Stuff That Was Important in the 70’s That Doesn’t Exist Anymore

There were several things I regularly encountered in the 70’s that were important components of my daily life. Many of them are gone now. Here are just a few.

  1. Photo booths. If you were feeling bored and silly, you could go to a store like Woolworth’s and for a quarter you could have a series of black and white pictures taken showing you and your friends doing something stupid. Note to readers born after 1995: this was the closest thing we had to Snapchat, but kids today are much smarter because they can make their Snapshot photos disappear in a matter of seconds. People like me end up with friends who find photo booth pictures in the back of their closet and post them on my Facebook page. Today it’s a lot harder to find a photo booth and when you do, it’s generally only used for passport pictures or as a source of nostalgic entertainment at Bar Mitzvahs and Sweet Sixteens.
  2. Foot X-rays. Up until 1970, mom would take us once a year to the Buster Brown shoe store for new school shoes. The excitement around this outing had nothing to do with getting new shoes and little to do with the free helium balloon you received after your visit. The highlight of the trip was getting a turn at the X-Ray shoe fitter machine. The machine allowed you to see all the bones in your feet while simultaneously getting a healthy dose of radiation. The machine was generally operated by a shoe salesman blowing cigarette smoke in your face while buffing a pair of new Mary Janes with some toxic shoe polish. Our foot x-ray days ended around 1970 when these machines were banned.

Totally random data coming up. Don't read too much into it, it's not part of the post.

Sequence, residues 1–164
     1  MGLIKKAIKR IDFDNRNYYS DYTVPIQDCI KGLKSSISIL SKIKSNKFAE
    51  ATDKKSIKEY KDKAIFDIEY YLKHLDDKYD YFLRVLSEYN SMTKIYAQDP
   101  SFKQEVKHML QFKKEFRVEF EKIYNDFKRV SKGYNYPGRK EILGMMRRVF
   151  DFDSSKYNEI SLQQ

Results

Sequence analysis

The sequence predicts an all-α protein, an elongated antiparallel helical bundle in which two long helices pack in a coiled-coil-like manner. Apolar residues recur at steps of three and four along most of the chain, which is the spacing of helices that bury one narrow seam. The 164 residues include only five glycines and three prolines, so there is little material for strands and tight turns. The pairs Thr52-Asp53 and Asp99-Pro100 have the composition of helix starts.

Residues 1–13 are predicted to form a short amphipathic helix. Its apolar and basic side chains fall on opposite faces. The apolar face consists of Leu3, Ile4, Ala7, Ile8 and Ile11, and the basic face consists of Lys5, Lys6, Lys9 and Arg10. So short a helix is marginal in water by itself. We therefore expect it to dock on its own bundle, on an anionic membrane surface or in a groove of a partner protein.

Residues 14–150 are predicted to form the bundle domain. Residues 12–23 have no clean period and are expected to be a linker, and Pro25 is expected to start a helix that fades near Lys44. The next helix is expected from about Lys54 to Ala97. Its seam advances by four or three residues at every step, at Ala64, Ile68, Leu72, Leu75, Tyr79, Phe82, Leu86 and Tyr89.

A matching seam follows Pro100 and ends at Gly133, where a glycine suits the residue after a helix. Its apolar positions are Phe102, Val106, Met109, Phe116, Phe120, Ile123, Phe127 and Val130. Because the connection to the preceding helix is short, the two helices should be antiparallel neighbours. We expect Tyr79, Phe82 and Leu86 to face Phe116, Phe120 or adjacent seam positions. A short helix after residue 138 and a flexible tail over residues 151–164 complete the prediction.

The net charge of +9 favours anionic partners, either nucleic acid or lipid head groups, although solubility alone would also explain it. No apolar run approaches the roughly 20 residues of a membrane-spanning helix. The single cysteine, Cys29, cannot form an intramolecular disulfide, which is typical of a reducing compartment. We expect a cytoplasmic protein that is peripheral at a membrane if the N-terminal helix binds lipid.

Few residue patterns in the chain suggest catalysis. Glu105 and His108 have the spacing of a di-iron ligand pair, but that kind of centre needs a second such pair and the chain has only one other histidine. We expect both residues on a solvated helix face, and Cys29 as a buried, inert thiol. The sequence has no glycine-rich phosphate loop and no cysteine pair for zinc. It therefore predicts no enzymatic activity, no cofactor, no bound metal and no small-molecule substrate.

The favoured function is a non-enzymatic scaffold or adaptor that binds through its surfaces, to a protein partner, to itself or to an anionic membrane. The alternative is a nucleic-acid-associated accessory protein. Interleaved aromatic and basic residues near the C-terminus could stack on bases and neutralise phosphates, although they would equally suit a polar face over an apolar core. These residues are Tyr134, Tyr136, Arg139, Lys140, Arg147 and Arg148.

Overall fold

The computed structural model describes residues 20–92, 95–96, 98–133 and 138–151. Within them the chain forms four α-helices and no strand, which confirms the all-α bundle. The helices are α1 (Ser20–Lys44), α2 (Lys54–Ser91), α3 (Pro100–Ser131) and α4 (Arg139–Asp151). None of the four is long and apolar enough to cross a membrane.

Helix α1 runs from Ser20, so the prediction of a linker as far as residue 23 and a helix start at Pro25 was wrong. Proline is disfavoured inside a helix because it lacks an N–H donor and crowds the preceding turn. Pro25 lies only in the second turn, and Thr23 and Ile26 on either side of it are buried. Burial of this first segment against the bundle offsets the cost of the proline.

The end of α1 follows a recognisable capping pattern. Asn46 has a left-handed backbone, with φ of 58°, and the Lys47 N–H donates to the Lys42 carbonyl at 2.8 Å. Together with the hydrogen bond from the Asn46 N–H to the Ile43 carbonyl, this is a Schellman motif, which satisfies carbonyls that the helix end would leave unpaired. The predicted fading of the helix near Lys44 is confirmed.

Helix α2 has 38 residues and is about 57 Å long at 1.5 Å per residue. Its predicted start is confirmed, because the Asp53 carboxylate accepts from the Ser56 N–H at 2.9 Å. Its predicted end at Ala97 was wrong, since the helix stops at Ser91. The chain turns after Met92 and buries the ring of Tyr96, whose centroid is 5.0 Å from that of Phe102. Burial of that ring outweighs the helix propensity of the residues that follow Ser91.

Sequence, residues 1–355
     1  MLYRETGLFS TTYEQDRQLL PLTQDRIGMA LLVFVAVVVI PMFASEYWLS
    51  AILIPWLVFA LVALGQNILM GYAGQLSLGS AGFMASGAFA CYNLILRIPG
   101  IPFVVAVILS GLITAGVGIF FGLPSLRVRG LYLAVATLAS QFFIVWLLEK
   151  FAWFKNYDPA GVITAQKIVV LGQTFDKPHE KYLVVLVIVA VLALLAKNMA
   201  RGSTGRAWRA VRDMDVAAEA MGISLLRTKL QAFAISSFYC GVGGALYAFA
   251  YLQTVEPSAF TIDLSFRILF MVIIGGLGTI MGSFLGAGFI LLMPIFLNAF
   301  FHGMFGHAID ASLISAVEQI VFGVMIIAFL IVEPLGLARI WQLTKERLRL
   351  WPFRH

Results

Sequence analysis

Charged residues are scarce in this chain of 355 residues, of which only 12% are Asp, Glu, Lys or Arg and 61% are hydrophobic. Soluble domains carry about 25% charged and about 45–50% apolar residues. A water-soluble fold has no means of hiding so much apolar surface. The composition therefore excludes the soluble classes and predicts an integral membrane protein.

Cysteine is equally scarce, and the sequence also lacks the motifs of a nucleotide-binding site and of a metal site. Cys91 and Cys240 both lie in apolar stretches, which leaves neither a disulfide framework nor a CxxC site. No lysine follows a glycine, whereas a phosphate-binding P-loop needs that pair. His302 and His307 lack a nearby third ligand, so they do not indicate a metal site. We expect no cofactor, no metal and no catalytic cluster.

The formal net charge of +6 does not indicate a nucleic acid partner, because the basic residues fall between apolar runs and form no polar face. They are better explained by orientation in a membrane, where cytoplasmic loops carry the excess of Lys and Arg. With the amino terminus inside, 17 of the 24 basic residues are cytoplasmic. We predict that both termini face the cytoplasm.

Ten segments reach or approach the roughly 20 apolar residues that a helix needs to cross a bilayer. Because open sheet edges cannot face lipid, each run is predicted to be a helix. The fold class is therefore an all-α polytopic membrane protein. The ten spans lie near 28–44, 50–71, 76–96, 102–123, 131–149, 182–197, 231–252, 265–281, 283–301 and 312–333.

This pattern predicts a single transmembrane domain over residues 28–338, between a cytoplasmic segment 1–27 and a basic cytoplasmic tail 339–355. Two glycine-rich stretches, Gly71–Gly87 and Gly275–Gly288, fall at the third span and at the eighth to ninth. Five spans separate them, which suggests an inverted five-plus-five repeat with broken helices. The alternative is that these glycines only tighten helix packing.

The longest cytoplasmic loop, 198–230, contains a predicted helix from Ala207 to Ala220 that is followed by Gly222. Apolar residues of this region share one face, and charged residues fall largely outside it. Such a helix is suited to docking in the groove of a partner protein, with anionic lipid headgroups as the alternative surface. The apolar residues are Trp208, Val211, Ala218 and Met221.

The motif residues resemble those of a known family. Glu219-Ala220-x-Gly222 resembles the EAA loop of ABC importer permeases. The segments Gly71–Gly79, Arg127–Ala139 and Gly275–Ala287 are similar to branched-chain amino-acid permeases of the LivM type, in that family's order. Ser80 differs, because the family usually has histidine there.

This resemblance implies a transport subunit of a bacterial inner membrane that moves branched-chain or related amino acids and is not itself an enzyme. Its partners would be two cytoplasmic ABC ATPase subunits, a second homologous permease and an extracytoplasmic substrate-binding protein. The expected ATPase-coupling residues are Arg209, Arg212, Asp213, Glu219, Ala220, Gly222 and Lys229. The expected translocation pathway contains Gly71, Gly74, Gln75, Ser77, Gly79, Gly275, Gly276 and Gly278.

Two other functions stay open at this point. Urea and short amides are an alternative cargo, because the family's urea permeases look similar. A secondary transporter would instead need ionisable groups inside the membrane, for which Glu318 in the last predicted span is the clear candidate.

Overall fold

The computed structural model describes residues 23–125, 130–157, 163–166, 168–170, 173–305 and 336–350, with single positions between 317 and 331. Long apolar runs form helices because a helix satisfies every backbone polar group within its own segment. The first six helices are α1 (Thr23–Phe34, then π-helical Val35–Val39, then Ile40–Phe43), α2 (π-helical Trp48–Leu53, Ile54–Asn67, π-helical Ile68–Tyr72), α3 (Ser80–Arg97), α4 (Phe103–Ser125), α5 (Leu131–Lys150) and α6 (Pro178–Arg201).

3. Rotary phones. Dialing a number with a lot of 9’s in it was a bitch, you had to memorize important phone numbers in your head because there was no auto-dial, the long phone cords were always tangled, and if another caller was trying to get through while you were on the line, they were out of luck. If someone tried to call you with an important message and you weren’t home, you were screwed because there was no way to leave a message back then. But on the positive side, at least you always knew where the phone was because it was cemented to the wall. ,
  4. Arcade games. It used to be that you couldn’t walk into a candy store or newspaper shop without seeing a pinball machine, Pong, Asteroids, or PacMan. Today the only  place I ever see arcade games is at the Museum of the Moving Image in Queens with a sign that says, “Do Not Touch.”
  5. Typewriters.  When I was a teenager, I got a typewriter before I went to college. It was considered essential. There was no such thing as a Royal Ultra Book or a Smith Corona Air. There was one weight of typewriter…heavy. Back then, copy and pasting meant copying someone else’s term paper, not moving text around on the computer screen. There was no spell-check which meant students required a lot of white-out, which for many, replaced the mimeograph paper we were all getting buzzed off of back in first grade.